Role of helix 8 in G protein-coupled receptors based on structure-function studies on the type 1 angiotensin receptor

Mol Cell Endocrinol. 2009 Apr 29;302(2):118-27. doi: 10.1016/j.mce.2009.01.002.


G protein-coupled receptors (GPCRs) are transmembrane receptors that convert extracellular stimuli to intracellular signals. The type 1 angiotensin II receptor is a widely studied GPCR with roles in blood pressure regulation,water and salt balance and cell growth. The complex molecular and structural changes that underpin receptor activation and signaling are the focus of intense research. Increasingly, there is an appreciation that the plasma membrane participates in receptor function via direct, physical interactions that reciprocally modulate both lipid and receptor and provide microdomains for specialized activities. Reversible protein:lipid interactions are commonly mediated by amphipathic -helices in proteins and one such motif - a short helix, referred to as helix VIII/8 (H8), located at the start of the carboxyl (C)-terminus of GPCRs - is gaining recognition for its importance to GPCR function. Here, we review the identification of H8 in GPCRs and examine its capacity to sense and interact with diverse proteins and lipid environment, most notably with acidic lipids that include phosphatidylinositol phosphates.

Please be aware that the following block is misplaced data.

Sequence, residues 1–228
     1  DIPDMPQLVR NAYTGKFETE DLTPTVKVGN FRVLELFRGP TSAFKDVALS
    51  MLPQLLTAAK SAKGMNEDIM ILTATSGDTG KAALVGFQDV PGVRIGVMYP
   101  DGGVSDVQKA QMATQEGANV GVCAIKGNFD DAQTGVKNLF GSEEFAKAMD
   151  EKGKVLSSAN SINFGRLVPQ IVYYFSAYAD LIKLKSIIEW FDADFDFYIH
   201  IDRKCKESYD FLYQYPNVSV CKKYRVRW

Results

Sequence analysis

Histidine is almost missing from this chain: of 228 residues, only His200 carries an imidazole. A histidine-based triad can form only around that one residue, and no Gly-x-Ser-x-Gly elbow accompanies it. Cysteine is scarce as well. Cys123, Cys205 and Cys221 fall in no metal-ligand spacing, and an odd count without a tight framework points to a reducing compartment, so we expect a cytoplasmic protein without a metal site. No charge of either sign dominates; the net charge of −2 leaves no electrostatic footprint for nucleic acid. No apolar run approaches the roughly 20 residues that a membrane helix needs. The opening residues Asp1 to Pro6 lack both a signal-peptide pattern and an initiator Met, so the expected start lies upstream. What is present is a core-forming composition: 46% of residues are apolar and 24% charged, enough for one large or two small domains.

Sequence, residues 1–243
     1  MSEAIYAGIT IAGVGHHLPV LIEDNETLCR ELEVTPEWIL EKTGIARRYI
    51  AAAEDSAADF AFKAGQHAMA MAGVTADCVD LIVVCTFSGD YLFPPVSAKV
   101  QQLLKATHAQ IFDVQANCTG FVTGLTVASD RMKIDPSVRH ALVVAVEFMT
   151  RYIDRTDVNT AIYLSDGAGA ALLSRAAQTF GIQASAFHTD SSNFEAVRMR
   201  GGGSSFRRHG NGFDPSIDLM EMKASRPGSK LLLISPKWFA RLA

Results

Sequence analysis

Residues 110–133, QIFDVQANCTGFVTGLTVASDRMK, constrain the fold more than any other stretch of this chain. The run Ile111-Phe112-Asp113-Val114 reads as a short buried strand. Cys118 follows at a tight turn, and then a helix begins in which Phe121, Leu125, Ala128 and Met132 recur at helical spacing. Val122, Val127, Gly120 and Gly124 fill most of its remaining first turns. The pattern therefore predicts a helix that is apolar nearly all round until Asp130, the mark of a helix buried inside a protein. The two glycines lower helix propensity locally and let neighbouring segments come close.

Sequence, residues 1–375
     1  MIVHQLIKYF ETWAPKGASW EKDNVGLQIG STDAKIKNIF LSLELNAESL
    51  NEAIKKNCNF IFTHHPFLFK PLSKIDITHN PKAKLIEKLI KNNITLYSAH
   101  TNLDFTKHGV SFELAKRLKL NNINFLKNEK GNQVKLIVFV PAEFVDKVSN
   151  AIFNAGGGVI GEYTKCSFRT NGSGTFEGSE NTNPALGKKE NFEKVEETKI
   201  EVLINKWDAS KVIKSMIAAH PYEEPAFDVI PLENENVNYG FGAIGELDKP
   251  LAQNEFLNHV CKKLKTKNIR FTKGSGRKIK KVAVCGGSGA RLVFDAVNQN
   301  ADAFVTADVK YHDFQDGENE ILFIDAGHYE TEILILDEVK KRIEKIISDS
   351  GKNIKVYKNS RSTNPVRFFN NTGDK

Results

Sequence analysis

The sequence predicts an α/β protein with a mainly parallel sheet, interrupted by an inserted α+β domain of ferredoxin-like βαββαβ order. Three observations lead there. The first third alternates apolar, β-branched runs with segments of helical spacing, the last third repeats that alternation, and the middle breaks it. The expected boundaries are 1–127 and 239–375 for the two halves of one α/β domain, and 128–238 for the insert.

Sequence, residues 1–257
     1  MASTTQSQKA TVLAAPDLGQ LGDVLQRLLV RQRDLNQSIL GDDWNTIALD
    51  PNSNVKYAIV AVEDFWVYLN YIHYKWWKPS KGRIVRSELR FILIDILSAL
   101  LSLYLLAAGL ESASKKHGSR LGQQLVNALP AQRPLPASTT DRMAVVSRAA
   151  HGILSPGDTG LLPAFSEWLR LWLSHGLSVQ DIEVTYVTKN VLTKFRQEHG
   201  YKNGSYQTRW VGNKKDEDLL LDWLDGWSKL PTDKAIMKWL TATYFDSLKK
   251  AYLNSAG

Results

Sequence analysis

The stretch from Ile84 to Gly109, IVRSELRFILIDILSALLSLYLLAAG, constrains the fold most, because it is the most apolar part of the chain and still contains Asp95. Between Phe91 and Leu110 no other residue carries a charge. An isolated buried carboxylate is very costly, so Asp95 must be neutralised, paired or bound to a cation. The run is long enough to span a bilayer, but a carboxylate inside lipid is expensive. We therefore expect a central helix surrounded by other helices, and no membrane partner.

Publication types

  • Review

MeSH terms

  • Binding Sites
  • Humans
  • Lipids / chemistry
  • Protein Binding
  • Protein Structure, Secondary
  • Receptor, Angiotensin, Type 1* / chemistry
  • Receptor, Angiotensin, Type 1* / metabolism
  • Receptor, Angiotensin, Type 1* / physiology
  • Receptors, G-Protein-Coupled* / chemistry
  • Receptors, G-Protein-Coupled* / metabolism
  • Receptors, G-Protein-Coupled* / physiology
  • Signal Transduction


  • Lipids
  • Receptor, Angiotensin, Type 1
  • Receptors, G-Protein-Coupled